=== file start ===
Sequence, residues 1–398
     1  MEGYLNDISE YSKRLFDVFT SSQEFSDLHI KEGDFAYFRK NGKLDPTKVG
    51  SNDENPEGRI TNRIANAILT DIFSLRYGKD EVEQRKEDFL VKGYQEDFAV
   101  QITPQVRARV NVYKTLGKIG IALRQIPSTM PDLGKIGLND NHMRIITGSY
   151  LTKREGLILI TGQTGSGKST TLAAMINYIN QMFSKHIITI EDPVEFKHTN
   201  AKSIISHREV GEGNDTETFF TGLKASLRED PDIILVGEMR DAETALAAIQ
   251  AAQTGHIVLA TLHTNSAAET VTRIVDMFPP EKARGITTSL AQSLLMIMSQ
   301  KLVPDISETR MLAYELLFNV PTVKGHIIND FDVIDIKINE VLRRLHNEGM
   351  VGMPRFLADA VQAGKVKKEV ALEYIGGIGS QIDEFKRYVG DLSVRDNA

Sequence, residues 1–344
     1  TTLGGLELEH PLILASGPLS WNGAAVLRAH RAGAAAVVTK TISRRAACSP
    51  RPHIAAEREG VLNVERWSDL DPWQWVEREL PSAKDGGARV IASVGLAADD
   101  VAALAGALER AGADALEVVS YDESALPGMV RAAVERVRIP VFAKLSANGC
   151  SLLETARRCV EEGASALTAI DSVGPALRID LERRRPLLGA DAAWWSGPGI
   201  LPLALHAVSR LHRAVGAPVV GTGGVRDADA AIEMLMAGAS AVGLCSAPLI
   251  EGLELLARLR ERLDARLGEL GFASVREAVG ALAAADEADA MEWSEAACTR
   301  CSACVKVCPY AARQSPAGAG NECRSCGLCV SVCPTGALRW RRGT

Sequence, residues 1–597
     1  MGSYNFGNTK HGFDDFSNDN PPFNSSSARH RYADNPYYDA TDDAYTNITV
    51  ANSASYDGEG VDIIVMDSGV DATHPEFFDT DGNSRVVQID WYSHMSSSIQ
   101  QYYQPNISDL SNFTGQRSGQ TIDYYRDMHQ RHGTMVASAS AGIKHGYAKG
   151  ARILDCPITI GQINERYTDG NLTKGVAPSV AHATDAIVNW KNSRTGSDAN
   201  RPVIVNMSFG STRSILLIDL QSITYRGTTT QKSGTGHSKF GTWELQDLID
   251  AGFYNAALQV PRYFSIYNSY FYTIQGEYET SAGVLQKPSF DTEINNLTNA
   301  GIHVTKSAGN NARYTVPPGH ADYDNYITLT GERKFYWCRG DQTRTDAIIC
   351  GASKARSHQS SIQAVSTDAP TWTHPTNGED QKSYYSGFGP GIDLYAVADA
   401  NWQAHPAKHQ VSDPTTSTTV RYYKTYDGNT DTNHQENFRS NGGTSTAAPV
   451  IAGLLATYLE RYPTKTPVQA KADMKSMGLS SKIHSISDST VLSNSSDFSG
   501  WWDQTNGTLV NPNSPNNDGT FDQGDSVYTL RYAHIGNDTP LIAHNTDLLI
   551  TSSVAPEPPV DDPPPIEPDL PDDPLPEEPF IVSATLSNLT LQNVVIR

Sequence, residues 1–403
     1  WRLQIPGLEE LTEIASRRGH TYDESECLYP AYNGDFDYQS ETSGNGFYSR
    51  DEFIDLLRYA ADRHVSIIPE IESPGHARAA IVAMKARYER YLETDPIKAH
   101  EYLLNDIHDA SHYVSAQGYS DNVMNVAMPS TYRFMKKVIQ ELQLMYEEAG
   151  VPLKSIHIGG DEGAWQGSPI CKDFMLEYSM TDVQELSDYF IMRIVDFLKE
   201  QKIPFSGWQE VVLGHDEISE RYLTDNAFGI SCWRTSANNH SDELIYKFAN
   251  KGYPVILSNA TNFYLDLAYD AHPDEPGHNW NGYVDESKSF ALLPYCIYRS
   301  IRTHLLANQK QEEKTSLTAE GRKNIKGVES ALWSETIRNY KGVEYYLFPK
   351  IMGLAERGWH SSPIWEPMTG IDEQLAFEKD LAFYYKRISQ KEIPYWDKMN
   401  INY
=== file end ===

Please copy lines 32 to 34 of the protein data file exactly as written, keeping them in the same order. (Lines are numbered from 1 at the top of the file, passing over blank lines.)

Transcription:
     1  WRLQIPGLEE LTEIASRRGH TYDESECLYP AYNGDFDYQS ETSGNGFYSR
    51  DEFIDLLRYA ADRHVSIIPE IESPGHARAA IVAMKARYER YLETDPIKAH
   101  EYLLNDIHDA SHYVSAQGYS DNVMNVAMPS TYRFMKKVIQ ELQLMYEEAG